Lessons from past for Les Républicains new leader

Simon Heffer, the renowned political commentator and historian, turns his gaze to French politics

When, on October 13, Christian Jacob, a farmer who served as civil service minister in the second Chirac administration, was elected leader of the benighted Républicains, hardly a ripple was noted on the pond in France, and still less of one outside the Hexagon.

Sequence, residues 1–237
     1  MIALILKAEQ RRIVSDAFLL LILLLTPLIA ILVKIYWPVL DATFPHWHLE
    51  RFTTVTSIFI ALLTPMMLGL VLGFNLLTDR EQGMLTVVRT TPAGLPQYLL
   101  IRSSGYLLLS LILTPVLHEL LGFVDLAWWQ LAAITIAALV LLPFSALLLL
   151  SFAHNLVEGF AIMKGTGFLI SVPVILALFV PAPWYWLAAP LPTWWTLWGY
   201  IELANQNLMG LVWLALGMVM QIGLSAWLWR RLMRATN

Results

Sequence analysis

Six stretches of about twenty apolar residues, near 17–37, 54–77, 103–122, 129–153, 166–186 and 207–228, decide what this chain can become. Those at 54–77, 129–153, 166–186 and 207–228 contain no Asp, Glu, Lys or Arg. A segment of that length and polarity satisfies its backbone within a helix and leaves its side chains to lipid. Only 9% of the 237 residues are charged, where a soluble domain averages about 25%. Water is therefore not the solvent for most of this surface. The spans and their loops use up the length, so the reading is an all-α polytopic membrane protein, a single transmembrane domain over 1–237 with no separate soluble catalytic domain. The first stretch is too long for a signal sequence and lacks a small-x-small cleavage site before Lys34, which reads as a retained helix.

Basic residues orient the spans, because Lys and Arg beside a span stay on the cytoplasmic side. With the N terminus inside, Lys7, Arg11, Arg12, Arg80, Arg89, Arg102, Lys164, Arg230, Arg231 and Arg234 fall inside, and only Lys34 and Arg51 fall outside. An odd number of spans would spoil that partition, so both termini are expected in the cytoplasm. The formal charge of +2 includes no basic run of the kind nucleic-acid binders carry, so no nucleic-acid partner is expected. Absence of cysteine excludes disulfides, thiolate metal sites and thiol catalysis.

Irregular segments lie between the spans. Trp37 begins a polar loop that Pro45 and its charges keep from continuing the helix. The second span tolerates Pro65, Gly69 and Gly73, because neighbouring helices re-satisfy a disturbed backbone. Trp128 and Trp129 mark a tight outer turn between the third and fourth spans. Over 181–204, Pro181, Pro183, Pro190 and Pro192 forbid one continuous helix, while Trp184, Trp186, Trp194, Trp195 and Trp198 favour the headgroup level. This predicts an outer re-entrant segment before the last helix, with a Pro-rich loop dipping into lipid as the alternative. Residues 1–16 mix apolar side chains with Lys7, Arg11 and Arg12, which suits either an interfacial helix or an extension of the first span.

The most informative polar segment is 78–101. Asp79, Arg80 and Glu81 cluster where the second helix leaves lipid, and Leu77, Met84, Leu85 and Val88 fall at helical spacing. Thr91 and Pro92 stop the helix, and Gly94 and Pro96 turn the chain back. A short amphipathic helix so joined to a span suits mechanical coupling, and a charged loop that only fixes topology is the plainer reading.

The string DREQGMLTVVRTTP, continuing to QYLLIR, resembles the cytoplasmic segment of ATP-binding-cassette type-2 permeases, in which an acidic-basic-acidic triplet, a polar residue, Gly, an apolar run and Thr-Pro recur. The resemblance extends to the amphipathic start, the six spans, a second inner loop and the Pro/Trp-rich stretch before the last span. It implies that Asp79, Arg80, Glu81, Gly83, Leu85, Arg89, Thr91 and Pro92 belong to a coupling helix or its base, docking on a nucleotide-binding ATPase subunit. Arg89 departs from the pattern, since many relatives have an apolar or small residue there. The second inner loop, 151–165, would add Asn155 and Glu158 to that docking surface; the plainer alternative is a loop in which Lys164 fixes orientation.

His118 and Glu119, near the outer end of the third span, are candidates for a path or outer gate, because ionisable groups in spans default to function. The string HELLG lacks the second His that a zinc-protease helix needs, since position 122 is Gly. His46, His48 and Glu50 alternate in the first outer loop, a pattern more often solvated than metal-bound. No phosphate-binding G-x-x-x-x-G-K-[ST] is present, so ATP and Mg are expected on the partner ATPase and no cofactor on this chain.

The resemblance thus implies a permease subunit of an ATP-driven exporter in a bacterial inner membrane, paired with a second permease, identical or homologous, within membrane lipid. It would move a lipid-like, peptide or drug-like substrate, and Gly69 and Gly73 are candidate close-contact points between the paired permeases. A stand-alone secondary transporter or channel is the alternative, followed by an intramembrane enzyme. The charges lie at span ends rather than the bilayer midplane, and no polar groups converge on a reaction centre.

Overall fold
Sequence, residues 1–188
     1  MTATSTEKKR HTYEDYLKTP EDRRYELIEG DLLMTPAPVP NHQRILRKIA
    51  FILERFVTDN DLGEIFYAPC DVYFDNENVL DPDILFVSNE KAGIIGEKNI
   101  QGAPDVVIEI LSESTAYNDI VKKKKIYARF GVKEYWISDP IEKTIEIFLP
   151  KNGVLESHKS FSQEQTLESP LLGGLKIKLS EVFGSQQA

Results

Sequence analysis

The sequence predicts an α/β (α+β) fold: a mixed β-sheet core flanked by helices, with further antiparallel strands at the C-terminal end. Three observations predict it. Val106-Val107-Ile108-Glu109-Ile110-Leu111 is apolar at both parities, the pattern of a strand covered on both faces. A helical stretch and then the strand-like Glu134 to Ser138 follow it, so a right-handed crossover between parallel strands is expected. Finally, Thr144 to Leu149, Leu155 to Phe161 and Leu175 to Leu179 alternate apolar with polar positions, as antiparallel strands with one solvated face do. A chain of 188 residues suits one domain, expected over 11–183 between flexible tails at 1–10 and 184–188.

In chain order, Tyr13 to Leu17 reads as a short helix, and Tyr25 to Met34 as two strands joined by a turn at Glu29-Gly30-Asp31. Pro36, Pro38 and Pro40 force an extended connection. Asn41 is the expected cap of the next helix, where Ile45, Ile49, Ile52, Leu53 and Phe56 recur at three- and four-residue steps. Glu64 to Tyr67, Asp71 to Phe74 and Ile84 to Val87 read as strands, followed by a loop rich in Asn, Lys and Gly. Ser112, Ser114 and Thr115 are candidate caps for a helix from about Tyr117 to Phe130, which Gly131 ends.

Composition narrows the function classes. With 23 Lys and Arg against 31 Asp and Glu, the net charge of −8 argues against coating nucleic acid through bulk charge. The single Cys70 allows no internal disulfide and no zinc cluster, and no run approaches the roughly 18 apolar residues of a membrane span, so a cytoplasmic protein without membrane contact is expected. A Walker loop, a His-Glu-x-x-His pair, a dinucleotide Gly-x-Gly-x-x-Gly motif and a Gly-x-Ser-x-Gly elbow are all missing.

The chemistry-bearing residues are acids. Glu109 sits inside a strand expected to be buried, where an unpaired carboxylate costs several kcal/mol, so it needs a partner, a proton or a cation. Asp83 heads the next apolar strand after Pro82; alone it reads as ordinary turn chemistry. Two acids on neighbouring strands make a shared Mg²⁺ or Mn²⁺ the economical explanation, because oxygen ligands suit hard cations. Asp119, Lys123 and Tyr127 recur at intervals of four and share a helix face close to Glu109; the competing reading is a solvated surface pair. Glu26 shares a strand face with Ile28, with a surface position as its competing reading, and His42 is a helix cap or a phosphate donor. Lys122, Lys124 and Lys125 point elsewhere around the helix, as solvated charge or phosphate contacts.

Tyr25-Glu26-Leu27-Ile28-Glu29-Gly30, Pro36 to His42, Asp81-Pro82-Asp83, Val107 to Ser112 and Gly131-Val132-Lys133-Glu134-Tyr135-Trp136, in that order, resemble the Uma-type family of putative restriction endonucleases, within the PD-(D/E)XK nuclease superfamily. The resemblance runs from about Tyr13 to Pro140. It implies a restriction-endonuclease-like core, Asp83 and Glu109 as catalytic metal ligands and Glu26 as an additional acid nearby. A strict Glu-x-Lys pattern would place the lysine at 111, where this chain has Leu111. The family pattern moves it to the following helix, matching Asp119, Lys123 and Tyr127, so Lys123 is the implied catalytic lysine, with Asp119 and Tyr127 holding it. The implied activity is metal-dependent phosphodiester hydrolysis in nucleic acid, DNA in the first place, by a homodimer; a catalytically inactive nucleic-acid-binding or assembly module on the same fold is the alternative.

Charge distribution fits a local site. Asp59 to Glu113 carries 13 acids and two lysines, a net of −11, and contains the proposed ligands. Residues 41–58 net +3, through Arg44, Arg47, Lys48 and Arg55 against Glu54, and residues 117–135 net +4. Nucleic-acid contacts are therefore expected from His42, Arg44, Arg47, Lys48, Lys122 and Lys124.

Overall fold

Following the party’s pitiful performance in the European elections last Spring, when they recorded less than 8.5% of the vote, Mr Jacob must lick them into shape for the municipal elections, due in March.

It will be an almighty job: the party’s membership has dropped from 235,000 to around 130,000 since 2017, and one can almost hear the squeals as it is crushed between the centrist touchy-feeliness of President Macron’s La République en Marche and the still-rejuvenating pungency of the Rassemblement National, the party formerly known as the Front National, under Marine Le Pen.

The centre-right in France has had a particularly bad ...

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